BP says it's burning more oil at sea
NEW ORLEANS — BP began burning oil siphoned from a ruptured well on Wednesday as part of its plans to more than triple the amount of crude it can stop from reaching the sea, the company said.
BP said it had burned 52,500 gallons of oil by noon Wednesday using a specialized flare system. Oil and gas siphoned from the well first reached a semisubmersible drilling rig around 1 a.m.
Once the gas reaches the rig, it is mixed with compressed air, shot down a specialized boom and ignited at sea. It's the first time this particular burner has been deployed in the Gulf of Mexico.
BP spokesman Tristan Vanhegan said engineers were still working to optimize the system, which the firm previously said could incinerate anywhere from 210,000 gallons of oil to 420,000 gallons of oil daily once it's fully operational.
Under pressure from the Coast Guard, the firm is attempting to expand its ability to trap leaking oil before it reaches the water. Already, oil and gas are being siphoned from a containment cap sitting over the well head and flowing to a drill ship above.
Adding the burner is part of BP's plan to expand its containment system so it can capture as much as 2.2 million gallons of oil a day by late June, or nearly 90 percent of what a team of government scientists have estimated is the maximum flow from the well.
Only a relief well, which BP says will be completed in August, will completely stop the flow of oil.
Before he gets his 'life back,' visit to Congress
WASHINGTON — BP CEO Tony Hayward is set to tell Congress today he is "personally devastated" by the explosion and oil spill and understands the anger Americans feel toward him and his company. The explosion and sinking of the BP-operated Deepwater Horizon rig "never should have happened — and I am deeply sorry that they did," he said in testimony to be delivered to a House panel. "My sadness has only grown as the disaster continues."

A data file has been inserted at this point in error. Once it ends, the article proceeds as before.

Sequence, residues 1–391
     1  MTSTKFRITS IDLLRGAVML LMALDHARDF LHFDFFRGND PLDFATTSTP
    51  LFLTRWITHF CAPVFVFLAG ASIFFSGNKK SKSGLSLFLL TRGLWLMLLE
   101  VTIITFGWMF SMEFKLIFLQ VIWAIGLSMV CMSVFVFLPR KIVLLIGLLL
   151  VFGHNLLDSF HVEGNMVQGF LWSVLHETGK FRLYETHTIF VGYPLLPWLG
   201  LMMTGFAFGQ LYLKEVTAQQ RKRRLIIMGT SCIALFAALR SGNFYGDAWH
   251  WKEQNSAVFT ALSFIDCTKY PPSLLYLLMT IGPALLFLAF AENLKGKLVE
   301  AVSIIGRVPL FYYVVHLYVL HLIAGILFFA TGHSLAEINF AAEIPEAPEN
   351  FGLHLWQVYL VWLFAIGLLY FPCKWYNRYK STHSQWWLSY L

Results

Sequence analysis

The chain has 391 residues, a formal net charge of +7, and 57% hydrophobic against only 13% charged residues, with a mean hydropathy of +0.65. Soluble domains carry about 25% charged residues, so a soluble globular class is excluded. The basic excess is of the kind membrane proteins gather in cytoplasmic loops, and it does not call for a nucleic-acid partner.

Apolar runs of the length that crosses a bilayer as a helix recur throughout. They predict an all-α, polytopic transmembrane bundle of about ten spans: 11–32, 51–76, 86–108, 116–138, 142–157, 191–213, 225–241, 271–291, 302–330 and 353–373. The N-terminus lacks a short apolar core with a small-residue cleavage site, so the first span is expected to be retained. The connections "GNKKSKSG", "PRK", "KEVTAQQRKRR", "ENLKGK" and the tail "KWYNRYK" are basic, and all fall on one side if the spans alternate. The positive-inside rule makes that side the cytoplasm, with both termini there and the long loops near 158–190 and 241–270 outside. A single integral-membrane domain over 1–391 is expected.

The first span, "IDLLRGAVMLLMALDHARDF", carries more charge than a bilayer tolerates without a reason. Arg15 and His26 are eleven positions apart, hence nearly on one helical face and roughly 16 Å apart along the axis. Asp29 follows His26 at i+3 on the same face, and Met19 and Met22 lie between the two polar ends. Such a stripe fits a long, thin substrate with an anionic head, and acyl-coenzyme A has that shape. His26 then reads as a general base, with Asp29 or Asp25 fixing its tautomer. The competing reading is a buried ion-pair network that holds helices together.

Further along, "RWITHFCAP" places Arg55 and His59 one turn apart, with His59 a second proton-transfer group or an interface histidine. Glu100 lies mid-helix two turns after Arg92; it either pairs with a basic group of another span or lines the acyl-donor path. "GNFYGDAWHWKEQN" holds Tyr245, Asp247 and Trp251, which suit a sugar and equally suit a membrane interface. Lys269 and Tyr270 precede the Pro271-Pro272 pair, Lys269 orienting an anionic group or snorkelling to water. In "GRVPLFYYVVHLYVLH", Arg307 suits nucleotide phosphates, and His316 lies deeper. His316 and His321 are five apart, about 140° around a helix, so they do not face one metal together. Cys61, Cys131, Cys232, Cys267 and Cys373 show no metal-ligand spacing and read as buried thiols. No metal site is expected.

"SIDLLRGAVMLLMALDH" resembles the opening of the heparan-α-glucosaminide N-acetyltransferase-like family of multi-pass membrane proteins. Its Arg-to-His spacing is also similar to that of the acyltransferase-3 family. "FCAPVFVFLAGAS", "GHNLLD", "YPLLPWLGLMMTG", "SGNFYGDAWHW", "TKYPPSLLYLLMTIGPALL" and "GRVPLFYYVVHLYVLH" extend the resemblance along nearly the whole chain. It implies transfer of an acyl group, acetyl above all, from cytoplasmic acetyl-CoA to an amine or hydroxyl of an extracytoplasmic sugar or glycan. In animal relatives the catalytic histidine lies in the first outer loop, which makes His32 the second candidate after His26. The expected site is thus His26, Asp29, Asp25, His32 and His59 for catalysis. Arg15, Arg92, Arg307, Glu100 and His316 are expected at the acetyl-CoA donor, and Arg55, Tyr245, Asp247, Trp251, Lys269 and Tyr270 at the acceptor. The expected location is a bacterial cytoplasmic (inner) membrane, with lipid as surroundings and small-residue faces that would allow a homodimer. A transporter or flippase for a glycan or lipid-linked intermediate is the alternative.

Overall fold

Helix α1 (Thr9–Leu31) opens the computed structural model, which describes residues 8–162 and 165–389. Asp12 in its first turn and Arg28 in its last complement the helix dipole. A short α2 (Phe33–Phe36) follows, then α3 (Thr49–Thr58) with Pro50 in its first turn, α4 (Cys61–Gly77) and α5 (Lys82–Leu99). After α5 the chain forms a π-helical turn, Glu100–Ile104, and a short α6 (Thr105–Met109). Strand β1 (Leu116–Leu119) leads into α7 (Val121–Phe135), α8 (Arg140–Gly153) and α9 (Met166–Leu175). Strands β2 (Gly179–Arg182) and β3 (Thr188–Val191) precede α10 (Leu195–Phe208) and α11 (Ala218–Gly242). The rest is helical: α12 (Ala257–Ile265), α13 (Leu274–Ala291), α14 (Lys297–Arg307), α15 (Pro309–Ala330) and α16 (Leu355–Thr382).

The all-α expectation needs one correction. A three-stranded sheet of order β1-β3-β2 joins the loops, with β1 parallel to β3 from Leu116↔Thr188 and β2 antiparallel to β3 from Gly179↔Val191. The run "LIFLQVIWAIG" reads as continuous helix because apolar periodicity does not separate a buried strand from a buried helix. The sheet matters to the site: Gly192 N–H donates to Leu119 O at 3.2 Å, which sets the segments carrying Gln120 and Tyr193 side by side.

A copy of Hayward's testimony was obtained Wednesday by the Associated Press.
Hayward will appear before the House Energy and Commerce Committee's oversight and investigations subcommittee, which is investigating the explosion that killed 11 workers. He called it "a complex accident, caused by an unprecedented combination of failures."
Hayward has been a juicy target for lawmakers and other critics — once saying "I'd like my life back." Before that happens, he'll have to survive a hearing that many expect to be brutal.
• "I expect him to be sliced and diced," said Rep. Bart Stupak, D-Mich., subcommittee chairman.
• "Put on your asbestos suit and get ready," said Stan Brand, a Washington lawyer who specializes in Congress.
• "He's going to have, if I'm any judge of the committee and the temperament of the members, a very unpleasant afternoon," said Rep. John Dingell, a Michigan Democrat.
Hayward has said he has thick enough skin to handle the verbal assaults. "I'm so far unscathed," he said, referring to the criticism he has received. "No one has actually physically harmed me. They've thrown some words at me. But I'm a Brit, so sticks and stones can hurt your bones but words never break them, or whatever the expression is."
Covering the spill is not always easy
NEW ORLEANS — Journalists covering the spill have been yelled at, kicked off public beaches and islands and threatened with arrest in the nearly three weeks since the government promised improved media access.
Adm. Thad Allen issued a May 31 directive to BP and federal officials ensuring media access to key sites. Those efforts have done little to curtail the obstacles, harassment and intimidation tactics journalists are facing by federal officials and local police, as well as BP employees and contractors.
"We think a lot of the restrictions are way tighter than they need to be," said Michael Oreskes, an AP senior managing editor. "So far, I think the government has done a better job of controlling the flow of information than of controlling the flow of oil in the gulf."
Oreskes wrote to White House press secretary Robert Gibbs on Wednesday demanding that President Barack Obama's administration improve media access, saying:
• On June 5, deputies in Grand Isle, La., threatened an AP photographer with arrest for trespassing after he spoke to BP employees and took pictures of cleanup workers on a public beach.
• On June 6, an AP reporter was in a boat off the Louisiana coast, when a man in another boat identifying himself as a U.S. Fish and Wildlife employee ordered the reporter to leave the area.
• According to a June 10 CNN video, one of the network's news crews was told by a bird rescue worker that he signed a contract with BP stating that he would not talk to the media. The crew was also turned away by BP contractors working at a bird triage area.
• On June 11 and 12, private security guards tried to prevent a crew from New Orleans television station WDSU from walking on a public beach and speaking with cleanup workers.